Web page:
May 22, 2013
They launched the 'Arab Spring' but now yearn for the good old days of a strongman
May 20, 2013
Richard A. Serrano: Is Meir Kahane's assassin now a changed man?
Genetic copies of living people from embryos no longer science fiction
Jewz in the Newz by Nate Bloom :
The Kosher Gourmet by Cathy Pollak:
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May 13, 2013
Rabbi Nathan Lopes Cardozo: Why the giving of the document that would permanently change the world could only be done in desolation
David G. Savage:
Church-state, literally? Supreme Court weighing public school graduation in a church
May 10, 2013
Rabbi Berel Wein: Be all that you should be
May 8, 2013
Peter Ford: Why China is welcoming both Israel's Netanyahu and Palestinians' Abbas
Obama administration quietly backs out of appeal over new contraceptive mandate
At Kerry-Putin meeting, US-Russia relations thaw --- a tad
The Kosher Gourmet by Leela Cyd Ross :
Almost too pretty to eat, this colorful salad with Sicilian inspiration will tickle the taste buds and delight your visual sensibility
May 6, 2013
May 3, 2013
Kids, kittens the Same?
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Artificial kidney offers hope to patients tethered to a dialysis machine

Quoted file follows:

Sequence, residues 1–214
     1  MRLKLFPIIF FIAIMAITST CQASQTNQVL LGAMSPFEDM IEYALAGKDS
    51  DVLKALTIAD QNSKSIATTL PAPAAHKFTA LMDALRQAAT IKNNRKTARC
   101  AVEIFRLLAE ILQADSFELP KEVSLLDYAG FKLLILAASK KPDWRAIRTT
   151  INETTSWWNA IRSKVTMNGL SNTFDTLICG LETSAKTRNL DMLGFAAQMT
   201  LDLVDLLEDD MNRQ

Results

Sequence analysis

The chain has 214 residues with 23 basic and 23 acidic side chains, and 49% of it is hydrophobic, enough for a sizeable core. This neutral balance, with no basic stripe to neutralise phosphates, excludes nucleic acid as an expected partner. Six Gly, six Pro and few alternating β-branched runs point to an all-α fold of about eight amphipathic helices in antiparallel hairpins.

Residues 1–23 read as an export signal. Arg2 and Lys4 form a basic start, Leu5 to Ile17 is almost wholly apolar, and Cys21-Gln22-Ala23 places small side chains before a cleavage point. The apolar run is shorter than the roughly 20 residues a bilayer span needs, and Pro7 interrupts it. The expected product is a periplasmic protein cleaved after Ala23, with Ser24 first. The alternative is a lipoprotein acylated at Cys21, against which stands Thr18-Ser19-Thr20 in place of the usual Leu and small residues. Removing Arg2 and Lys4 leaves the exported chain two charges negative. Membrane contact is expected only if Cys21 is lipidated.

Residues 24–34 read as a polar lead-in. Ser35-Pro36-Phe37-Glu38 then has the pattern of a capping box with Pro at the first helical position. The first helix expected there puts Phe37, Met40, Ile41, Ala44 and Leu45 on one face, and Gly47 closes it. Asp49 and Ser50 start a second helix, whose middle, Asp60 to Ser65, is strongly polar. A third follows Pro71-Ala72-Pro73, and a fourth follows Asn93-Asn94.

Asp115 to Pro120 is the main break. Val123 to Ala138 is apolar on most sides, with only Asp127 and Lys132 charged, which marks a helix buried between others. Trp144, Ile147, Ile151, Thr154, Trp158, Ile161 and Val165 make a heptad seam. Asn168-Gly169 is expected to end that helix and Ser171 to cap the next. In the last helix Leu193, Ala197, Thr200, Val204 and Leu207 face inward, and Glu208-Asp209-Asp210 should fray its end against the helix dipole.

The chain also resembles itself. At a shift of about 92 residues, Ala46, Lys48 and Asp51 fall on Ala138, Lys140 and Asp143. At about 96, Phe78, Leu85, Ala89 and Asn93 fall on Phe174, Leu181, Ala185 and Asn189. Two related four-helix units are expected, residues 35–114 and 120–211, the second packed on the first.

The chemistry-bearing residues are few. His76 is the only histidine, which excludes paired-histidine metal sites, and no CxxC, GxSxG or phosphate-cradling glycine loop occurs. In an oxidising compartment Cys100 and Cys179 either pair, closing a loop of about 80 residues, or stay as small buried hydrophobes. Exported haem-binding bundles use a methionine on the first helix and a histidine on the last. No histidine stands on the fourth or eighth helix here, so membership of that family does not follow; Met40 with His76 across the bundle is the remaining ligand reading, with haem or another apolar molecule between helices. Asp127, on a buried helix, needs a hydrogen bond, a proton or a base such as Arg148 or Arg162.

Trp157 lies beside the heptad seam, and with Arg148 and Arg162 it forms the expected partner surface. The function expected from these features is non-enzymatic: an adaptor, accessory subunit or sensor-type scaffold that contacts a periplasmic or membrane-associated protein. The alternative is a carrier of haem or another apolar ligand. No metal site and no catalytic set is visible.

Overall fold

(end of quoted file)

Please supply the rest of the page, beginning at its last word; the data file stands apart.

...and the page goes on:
April 29, 2013
Poland's new Jewish museum celebrates life, doesn't revisit Holocaust
Terrorism in America: Is US missing a chance to learn from failed plots?
Boston Bomber's 'Svengali' Revealed
Tiny satellites + cellphones = cheaper 'eyes in the sky' for NASA
April 26, 2013
Clifford D. May:
Defense in the Age of Jihadist Terrorism
Sharon Palmer, R.D.:
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April 24, 2013
Jewish World Review
May 7, 2007
/ 19 Iyar, 5767
Prioritizing our problems
Sometimes politicians get things upside down. They ignore problems that are plainly staring them in the face, while they focus on dangers that are at best speculative.
Consider two long-range issues that are not pressing matters this year but pose, or are said to pose, threats a generation or two away. One of them you don't hear much about: Social Security. The other you hear about all the time: global warming. Yet this gets things upside down. We have an unusually precise knowledge of the problems that Social Security will cause in the future. But we don't know with anything like precision what a continuation of the current mild increase in temperatures will mean.